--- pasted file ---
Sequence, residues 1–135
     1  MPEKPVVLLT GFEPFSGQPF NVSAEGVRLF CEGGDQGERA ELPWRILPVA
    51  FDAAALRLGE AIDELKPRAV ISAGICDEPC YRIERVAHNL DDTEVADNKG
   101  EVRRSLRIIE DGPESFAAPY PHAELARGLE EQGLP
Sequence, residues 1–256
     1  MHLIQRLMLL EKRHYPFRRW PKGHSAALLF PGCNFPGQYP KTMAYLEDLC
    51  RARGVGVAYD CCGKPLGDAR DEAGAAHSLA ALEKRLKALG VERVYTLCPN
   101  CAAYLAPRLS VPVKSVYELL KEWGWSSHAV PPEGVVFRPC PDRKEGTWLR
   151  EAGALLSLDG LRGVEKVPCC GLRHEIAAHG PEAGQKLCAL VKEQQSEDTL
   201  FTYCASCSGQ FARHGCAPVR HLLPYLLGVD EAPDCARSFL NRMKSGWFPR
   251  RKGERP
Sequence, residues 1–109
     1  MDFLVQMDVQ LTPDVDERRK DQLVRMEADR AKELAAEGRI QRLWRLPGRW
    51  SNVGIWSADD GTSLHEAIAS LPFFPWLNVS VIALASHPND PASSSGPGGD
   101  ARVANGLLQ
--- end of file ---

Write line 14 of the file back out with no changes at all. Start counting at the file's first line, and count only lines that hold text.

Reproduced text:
    51  SNVGIWSADD GTSLHEAIAS LPFFPWLNVS VIALASHPND PASSSGPGGD